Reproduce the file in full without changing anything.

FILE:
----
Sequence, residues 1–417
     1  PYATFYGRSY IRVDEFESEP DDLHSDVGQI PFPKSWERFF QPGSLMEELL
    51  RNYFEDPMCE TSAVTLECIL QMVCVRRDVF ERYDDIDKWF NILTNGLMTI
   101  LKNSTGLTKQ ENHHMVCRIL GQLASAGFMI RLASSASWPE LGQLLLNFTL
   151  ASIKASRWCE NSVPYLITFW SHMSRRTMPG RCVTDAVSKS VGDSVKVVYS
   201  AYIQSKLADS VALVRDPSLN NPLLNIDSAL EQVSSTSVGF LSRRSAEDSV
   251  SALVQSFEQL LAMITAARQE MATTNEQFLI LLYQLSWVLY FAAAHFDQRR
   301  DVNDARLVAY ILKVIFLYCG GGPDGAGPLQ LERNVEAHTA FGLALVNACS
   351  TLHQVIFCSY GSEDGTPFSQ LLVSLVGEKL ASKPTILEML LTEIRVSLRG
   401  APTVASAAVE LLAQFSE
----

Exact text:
Sequence, residues 1–417
     1  PYATFYGRSY IRVDEFESEP DDLHSDVGQI PFPKSWERFF QPGSLMEELL
    51  RNYFEDPMCE TSAVTLECIL QMVCVRRDVF ERYDDIDKWF NILTNGLMTI
   101  LKNSTGLTKQ ENHHMVCRIL GQLASAGFMI RLASSASWPE LGQLLLNFTL
   151  ASIKASRWCE NSVPYLITFW SHMSRRTMPG RCVTDAVSKS VGDSVKVVYS
   201  AYIQSKLADS VALVRDPSLN NPLLNIDSAL EQVSSTSVGF LSRRSAEDSV
   251  SALVQSFEQL LAMITAARQE MATTNEQFLI LLYQLSWVLY FAAAHFDQRR
   301  DVNDARLVAY ILKVIFLYCG GGPDGAGPLQ LERNVEAHTA FGLALVNACS
   351  TLHQVIFCSY GSEDGTPFSQ LLVSLVGEKL ASKPTILEML LTEIRVSLRG
   401  APTVASAAVE LLAQFSE